In Press

Articles by the CSDisseminate Team

The Effect of Open Access on Scholarly and Societal Metrics of Impact in the ASHA Journals

Long, Drown, & El Amin (in press)

Purpose: The present study examined the effect of open access (OA) status on scholarly and societal metrics of impact (citation counts and altmetric scores, respectively) across manuscripts published in the ASHA Journals.

Method: 3,419 manuscripts published in four active ASHA journals were grouped across three access statuses based on their availability to the public: Gold OA, Green OA, and Closed Access. Two linear mixed-effects models tested the effects of OA status on citation counts and altmetric scores of manuscripts.

Results: Both Green OA and Gold OA significantly predicted a 2.70 and 5.21 respective increase in citation counts compared to Closed Access manuscripts (p < .001). Gold OA was estimated to predict a 25.7-point significant increase in altmetric scores (p < .001), but Green OA was only marginally significant (p = 0.68) in predicting a 1.44 increase in altmetric scores relative to Closed Access manuscripts.

Discussion: CSD research that is fully open receives more online attention and overall, more scientific attention than research that is paywalled or available through Green OA methods. Additional research is needed to understand secondary variables affecting these and other scholarly and societal metrics of impact across studies in CSD. Ongoing support and incentives to reduce the inequities of OA publishing are critical for continued scientific advancement.

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Open Science Practices in Communication Sciences and Disorders: A Survey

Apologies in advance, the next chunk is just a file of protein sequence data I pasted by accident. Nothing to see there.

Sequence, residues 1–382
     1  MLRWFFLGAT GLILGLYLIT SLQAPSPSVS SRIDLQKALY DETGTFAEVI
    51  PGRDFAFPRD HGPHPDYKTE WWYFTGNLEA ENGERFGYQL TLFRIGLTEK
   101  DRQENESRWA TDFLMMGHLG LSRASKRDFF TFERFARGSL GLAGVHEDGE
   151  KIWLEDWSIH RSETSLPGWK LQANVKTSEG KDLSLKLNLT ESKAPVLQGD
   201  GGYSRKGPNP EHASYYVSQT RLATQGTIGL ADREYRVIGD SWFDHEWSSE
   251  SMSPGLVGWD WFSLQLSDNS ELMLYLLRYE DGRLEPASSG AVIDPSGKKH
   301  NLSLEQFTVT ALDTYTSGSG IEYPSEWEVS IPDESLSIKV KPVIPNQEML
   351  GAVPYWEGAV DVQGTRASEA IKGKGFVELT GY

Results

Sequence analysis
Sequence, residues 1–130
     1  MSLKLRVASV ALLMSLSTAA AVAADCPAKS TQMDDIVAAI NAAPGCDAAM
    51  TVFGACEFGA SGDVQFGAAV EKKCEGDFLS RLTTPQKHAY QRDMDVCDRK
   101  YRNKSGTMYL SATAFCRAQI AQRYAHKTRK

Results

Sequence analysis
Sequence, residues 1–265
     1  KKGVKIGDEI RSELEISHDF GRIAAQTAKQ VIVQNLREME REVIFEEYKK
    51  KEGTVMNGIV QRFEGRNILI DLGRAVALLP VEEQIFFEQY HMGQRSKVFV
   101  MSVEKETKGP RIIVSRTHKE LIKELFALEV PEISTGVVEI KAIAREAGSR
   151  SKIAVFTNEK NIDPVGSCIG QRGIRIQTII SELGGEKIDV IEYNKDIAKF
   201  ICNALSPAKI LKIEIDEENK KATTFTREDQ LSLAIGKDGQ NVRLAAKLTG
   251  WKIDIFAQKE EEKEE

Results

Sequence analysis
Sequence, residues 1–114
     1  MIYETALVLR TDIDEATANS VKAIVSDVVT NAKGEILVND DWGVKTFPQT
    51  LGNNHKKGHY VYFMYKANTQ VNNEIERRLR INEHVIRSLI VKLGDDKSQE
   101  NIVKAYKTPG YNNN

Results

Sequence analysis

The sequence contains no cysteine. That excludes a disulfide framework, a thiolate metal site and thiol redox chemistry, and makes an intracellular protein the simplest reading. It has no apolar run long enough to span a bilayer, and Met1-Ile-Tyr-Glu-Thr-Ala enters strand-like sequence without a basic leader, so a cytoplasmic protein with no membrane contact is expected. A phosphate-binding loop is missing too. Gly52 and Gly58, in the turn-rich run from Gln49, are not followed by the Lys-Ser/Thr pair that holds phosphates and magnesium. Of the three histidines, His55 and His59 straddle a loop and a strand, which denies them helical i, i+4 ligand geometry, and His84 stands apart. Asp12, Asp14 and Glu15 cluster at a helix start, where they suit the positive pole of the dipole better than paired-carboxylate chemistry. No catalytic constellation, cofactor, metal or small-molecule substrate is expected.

El Amin, Borders, Long, Keller, & Kearney (in press)

Purpose: Open science is a collection of practices that seek to improve the accessibility, transparency, and replicability of science. Though these practices have garnered interest in related fields, it remains unclear whether open science practices have been adopted in the field of communication sciences and disorders (CSD). This study aimed to survey the knowledge, implementation, and perceived benefits and barriers of open science practices in CSD.

Method: An online survey was disseminated to researchers in the United States actively engaged in CSD research. Four core open science practices were examined: Pre-Registration, Self-Archiving, Gold Open Access, and Open Data. Data were analyzed using descriptive statistics and regression models.

Results: Two hundred and twenty-two participants met the inclusion criteria. Most participants were doctoral students (38%) or assistant professors (24%) at R1 institutions (58%). Participants reported low knowledge of pre-registration and gold open access. There was, however, a high level of desire to learn more for all practices. Implementation of open science practices was also low, most notably for pre-registration, gold open access, and open data (<25%). Predictors of knowledge and participation, as well as perceived barriers to implementation, are discussed.

Conclusion: Though participation in open science appears low in the field of CSD, participants expressed a strong desire to learn more in order to engage in these practices in the future.


Pfeiffer, Long, & El Amin (2022)

Restricted access to journals can make it challenging for clinicians to keep up with new research. Check out this ASHA Leader article to learn about five free, legal ways to read what you need.

Working from Home

Gaeta, Pfeiffer, & Kearney (2022)

In this Audiology Today article, we describe ways in which researchers and clinicians in communication sciences and disorders can promote transparency and improve accessibility through two open-science practices: open access and self-archiving.

Image by Clay Banks